first steps

Next year, Indiana high schoolers will have to meet more “college or career readiness” requirements to graduate

PHOTO: Shaina Cavazos
The discussions out of the graduation pathway committee have been illustrated by several graphic artists.

A year from now, Indiana high school students will have to meet an extra set of requirements to graduate in an effort to better prepare them for what comes after.

It’s not yet clear exactly what those requirements will be, but a committee led by the Indiana State Board of Education is beginning the process to figure it out. The charge to develop these “graduation pathways” came down from the Indiana General Assembly in the same bill that established the test that will replace ISTEP in 2019.

“We want these pathways to serve as the culmination of a student’s (high school) career,” said committee chairman and state board member Byron Ernest. “We want to show them a true readiness and show businesses and higher education a true readiness of our students.”

State Superintendent Jennifer McCormick, a member of the 14-member graduation pathways committee, said today that the pathways need to be a collaboration between schools, the state, community members and the workforce. It can’t fall to schools alone to fund, manage and be held accountable for new programs.

“It really does have to be a partnership,” McCormick said. “I understand some of the struggles … (the workforce) is in a crisis, too, with employees, but it’s one of those if we are going to solve the problem, we’re going to have to work hard to come up with solutions.”

The panel includes representatives from the Commission for Higher Education, Department of Workforce Development, state board, legislature, Indiana Chamber of Commerce and a few parents and educators. It is set to meet seven more times through early November.

The state board has final authority of which requirements would end up counting, but the law spells out some suggestions:

  • Passing end-of-course, International Baccalaureate, Advanced Placement, dual credit or college entrance exams, such as the ACT or SAT.
  • Earning industry-recognized certificates
  • Passing the placement exam for the U.S. military

Indiana’s academic and technical honors diplomas — which 37.9 percent of students in the state earned in 2015-16 — already include requirements that pertain to AP, IB and dual credit exams, and industry certificates. There’s no guidance in the law about how these pathways would differ from what’s already in honors diplomas.

Much of the conversation at today’s inaugural meeting followed familiar themes found in years of previous discussions by the Indiana Career Council, established in 2013: Indiana employers can’t fill jobs; students leave high school and college unprepared to enter the workforce; therefore, state education and workforce agencies, and employers need to get together to figure out a solution.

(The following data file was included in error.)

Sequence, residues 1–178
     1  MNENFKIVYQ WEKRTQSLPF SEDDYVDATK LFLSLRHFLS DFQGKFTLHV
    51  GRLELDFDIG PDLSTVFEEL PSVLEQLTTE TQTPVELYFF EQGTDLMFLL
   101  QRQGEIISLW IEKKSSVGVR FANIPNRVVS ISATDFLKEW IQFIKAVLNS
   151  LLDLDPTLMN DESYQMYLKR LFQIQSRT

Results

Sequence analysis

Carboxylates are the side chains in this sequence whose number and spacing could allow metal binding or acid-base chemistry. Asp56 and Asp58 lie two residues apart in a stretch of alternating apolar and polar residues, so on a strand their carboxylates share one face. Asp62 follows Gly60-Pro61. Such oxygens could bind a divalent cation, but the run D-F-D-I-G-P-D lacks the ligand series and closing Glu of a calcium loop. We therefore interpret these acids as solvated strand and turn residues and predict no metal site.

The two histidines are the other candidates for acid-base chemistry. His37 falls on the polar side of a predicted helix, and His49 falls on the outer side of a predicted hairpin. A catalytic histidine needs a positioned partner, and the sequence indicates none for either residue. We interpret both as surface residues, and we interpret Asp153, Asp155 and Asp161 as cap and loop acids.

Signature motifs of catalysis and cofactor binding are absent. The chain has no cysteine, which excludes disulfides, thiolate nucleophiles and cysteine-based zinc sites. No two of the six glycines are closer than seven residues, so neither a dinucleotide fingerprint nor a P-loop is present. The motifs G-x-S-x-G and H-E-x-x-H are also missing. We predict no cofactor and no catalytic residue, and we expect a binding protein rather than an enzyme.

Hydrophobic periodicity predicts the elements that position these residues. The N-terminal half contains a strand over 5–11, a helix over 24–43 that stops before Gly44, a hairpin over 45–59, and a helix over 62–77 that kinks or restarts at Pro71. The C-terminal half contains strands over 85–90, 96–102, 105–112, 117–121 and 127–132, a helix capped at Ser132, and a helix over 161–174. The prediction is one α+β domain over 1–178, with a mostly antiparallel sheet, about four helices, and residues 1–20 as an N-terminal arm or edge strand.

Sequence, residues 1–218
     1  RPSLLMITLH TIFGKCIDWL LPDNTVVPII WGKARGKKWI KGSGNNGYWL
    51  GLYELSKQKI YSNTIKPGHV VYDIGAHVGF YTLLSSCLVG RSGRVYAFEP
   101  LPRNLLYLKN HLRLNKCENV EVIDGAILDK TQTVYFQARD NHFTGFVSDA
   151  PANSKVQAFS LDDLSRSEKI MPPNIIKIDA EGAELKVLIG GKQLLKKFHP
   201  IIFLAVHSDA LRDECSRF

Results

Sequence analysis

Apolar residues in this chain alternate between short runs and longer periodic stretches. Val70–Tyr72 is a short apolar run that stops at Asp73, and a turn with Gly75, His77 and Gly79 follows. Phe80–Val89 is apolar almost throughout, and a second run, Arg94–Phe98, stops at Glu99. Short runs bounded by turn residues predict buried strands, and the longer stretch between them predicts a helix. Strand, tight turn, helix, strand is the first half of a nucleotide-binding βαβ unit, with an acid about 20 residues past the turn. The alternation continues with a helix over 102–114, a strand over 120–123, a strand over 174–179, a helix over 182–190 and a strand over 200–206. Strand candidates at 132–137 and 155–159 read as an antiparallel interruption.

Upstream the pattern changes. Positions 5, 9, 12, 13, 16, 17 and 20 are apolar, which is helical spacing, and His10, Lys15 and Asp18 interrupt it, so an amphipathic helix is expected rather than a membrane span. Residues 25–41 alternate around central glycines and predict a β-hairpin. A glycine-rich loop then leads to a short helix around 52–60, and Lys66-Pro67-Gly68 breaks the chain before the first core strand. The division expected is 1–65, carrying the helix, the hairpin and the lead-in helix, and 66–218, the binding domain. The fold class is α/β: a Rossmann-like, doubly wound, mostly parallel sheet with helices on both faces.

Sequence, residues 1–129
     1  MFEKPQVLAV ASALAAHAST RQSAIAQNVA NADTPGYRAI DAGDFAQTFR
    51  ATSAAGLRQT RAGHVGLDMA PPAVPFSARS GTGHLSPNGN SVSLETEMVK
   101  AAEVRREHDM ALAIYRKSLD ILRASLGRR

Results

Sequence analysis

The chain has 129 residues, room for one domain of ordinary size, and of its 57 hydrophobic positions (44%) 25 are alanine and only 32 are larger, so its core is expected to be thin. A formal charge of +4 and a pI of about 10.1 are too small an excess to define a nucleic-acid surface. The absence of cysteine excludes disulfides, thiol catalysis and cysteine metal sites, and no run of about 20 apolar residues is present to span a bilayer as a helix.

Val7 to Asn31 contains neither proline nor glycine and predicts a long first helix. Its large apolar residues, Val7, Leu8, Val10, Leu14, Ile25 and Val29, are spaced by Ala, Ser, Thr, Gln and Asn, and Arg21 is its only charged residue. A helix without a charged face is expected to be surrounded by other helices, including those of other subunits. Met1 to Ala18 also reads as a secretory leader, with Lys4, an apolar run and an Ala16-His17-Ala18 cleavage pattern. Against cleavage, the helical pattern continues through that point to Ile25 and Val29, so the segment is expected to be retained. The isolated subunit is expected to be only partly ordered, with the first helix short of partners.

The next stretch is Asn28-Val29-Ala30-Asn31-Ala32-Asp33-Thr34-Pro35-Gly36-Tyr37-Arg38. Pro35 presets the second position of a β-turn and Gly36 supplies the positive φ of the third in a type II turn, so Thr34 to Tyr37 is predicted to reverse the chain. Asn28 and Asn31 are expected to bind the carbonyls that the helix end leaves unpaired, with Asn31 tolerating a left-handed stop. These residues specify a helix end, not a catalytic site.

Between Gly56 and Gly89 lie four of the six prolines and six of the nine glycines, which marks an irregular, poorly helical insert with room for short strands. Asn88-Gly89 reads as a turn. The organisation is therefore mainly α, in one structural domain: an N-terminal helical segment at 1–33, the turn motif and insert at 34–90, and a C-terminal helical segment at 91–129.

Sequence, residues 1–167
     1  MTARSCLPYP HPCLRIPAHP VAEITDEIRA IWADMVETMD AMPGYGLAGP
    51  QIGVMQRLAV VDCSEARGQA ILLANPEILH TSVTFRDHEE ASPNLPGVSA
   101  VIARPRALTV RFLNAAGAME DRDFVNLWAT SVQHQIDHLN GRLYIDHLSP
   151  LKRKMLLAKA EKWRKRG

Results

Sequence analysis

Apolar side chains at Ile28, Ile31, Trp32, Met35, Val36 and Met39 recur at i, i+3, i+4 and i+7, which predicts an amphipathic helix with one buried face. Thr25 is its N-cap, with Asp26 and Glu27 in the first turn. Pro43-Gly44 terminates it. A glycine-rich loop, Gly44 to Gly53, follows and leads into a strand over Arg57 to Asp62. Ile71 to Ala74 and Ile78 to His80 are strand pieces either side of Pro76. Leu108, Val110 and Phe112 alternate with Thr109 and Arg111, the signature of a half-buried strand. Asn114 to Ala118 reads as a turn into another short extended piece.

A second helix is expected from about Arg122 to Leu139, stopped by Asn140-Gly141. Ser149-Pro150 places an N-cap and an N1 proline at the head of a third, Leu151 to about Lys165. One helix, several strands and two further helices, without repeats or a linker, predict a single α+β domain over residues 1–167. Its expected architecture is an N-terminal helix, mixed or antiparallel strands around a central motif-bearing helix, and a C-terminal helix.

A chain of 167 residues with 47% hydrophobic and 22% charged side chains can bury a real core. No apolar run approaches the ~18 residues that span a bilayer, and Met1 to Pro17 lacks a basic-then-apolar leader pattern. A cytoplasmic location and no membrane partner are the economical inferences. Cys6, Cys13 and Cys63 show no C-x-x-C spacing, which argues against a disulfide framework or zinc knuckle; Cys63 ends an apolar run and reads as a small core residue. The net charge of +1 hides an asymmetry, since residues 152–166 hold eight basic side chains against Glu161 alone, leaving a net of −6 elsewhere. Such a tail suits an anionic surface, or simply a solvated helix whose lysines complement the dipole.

Bruce Watson, director of facilities for Fort Wayne Metals, is one such employer struggling to find prospective employees. He addressed the board during public comment.

“I can’t hire people to maintain our growth,” Watson said. “Not everybody needs a four-year degree … this is not a low-dollar, unskilled workforce. This is something significant for a career.”

The discussion today was broad and wide-ranging, covering ideas on work-based learning requirements, how to credential students for high-demand jobs, counselor and teacher shortages, character education, and how to balance the needs of rural, urban and suburban districts.

But the group did manage to agree on a few main points to guide their work going forward: Students should have flexibility to change their minds before they graduate; the pathway system should be equitable and easy to explain to students and parents; and employers should be part of the conversation.

Ultimately, practicality needs to be prioritized, said panel member John Elcesser, executive director of the Indiana Non-Public Education Association, a group that advocates for private schools.

“Can we staff it, can we resource it and can counselors manage it?” Elcesser said. “I think that has to be in the back of our mind.”

You can find the panel’s upcoming meeting schedule here. Meetings are open to the public.

Future of Schools

For Indianapolis principals hoping to improve, one program says practice makes perfect

PHOTO: Shaina Cavazos
A kindergarten student reaches for crayons during a lesson at Global Prep Academy.

Mariama Carson has spent 20 years as an educator, first as a teacher and now as principal of Global Prep Academy. But in all that time, she never found training that prepared her as well as what she learned over two weeks last summer.